Pop Culture Princess

Pop Culture Princess
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Tuesday, August 09, 2011

The tale of The Family Fang has a bite that goes right down to the bone

The main subjects of Kevin Wilson's novel The Family Fang are a clan of performance artists headed up by Caleb and Camille Fang,a former teacher and student who feared that forming a family would destroy their creative inspiration.

Their solution to that was to include their children in their work,using them to pull off their staged events such as a mock shoplifting at a mall store and an impromptu concert by the kids that gets heckled by their dad.

The chaos stirred up(and caught on film) by the Fang stunts is the desired result and by adding the children into the mix,the Fangs become the darlings of the performance art world. Known to art lovers as Child A and Child B, Annie and Buster have grown accustomed to the unexpected chaos of their lives and manage to cope with their odd ball existence as best they can:

During the teen years,Caleb and Camille go way too far in manufacturing "authentic" responses from their children,which fast forwards the break between them. Annie leaves home first,becoming an actress whose career and sanity teeter on the edge of collapse.

Buster pursues writing,putting out two novels and a string of increasingly over the top freelance assignments. As their separate lives start going south,Annie and Buster wind up returning home to recover from their various physical and emotional wounds.

Caleb and Camille hope that this reunion will spur a return to their former glory days but after a failed attempt to cause a ruckus at a fast restaurant,that hope seems futile at best.

One day,Annie and Buster awake to find their parents gone and later hear from the police that their car was found abandoned with signs of a violent struggle. Convinced that this is another performance art piece designed to revive their status as avaunt garde superstars,the kids set off in search of them. Unlike Buster who fears that they may actually be dead,Annie is determined to smash apart the twisted little theatrical piece that her parents have set up,with more love than they have ever given to their offspring:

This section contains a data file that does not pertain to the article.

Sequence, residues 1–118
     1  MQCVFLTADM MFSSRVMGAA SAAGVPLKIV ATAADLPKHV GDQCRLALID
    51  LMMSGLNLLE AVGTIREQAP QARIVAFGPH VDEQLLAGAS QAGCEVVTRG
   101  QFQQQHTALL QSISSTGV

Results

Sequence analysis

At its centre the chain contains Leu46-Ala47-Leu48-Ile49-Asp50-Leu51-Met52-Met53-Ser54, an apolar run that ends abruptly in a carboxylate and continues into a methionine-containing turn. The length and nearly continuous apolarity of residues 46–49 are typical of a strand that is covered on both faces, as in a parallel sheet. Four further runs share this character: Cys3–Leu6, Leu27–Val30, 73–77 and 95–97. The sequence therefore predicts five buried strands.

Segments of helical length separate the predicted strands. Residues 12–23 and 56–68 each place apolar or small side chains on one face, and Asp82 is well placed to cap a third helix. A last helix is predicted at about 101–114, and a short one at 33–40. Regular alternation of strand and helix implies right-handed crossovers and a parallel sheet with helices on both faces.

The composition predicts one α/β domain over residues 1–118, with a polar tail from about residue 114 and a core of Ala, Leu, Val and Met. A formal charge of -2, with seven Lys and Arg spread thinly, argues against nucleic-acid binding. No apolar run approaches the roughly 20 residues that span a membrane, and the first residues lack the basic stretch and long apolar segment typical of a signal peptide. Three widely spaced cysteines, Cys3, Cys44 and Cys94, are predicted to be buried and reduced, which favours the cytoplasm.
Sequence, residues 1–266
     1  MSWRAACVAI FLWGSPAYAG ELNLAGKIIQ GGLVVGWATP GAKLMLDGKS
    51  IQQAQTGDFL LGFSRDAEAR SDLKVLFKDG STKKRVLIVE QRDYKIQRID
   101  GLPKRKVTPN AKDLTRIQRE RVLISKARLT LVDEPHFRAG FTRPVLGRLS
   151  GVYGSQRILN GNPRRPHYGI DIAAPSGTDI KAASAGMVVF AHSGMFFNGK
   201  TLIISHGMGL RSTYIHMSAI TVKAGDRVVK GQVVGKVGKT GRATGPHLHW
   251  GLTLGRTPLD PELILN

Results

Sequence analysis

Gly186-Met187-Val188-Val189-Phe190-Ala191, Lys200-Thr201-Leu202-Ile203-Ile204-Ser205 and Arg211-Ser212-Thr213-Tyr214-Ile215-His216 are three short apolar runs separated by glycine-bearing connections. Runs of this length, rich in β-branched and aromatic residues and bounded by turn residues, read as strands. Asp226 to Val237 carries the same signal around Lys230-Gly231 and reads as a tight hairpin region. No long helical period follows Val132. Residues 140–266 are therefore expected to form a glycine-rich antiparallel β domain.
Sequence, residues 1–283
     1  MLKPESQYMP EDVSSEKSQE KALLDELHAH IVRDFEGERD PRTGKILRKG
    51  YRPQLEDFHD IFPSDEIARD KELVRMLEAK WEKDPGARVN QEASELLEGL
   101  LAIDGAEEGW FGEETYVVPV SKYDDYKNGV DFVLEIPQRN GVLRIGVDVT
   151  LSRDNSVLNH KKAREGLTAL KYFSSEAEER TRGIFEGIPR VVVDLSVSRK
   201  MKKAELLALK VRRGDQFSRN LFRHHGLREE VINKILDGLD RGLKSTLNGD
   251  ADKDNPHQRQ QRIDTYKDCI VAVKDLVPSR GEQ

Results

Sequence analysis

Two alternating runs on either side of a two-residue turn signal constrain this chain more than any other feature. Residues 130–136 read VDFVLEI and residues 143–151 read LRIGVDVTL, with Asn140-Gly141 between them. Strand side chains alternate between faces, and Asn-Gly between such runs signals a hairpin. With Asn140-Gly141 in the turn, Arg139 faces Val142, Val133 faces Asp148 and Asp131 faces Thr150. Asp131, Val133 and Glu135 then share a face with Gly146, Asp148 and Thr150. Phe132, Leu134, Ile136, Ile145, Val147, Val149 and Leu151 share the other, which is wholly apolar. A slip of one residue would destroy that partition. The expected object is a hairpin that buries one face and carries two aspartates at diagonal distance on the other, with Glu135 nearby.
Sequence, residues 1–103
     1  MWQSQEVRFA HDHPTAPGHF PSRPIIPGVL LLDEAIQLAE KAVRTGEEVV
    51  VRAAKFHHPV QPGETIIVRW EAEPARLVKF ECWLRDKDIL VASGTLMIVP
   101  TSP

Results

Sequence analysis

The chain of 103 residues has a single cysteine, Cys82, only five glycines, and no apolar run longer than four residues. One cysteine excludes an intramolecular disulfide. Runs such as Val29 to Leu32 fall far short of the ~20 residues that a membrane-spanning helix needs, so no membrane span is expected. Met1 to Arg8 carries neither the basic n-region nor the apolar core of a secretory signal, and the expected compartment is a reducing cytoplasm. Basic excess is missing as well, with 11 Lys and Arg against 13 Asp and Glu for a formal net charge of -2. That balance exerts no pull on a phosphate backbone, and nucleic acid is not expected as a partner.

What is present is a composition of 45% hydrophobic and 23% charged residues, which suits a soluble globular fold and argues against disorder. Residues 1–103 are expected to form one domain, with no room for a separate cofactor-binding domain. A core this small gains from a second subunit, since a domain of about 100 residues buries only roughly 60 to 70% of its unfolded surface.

As Annie and Buster undertake their journey,however,things turn out to be more strange than even they could imagine. At some point,the two of them must choose between exposing the truth and finding their own path to personal happiness.

As you can see,this is a rather whimsical story which could get cloying and cutesy in the wrong hands. Kevin Wilson fortunately possess the right set of skills that make the book's pack of off the wall characters engaging as well as pleasingly unpredictable.

He paints a portrait of a dysfunctional family that draws upon your sympathy for it's subjects yet you can't help but admire the sincere devotion that the Fang parents have for each other and their artistic vision. Many folks have already claimed a connection between this book and Wes Anderson's acclaimed quirky film,The Royal Tenenbaums and the comparison is well made:

The Family Fang goes on sale today,where ever books are sold,and I hope you take the time to check it out. This depiction of performance art taken to the edge of what would be the proper limits for some may appear to be more destructive than creative but the fact that it disturbs you in the first place shows it's value. This is a debut novel that deserves to be praised like it should:

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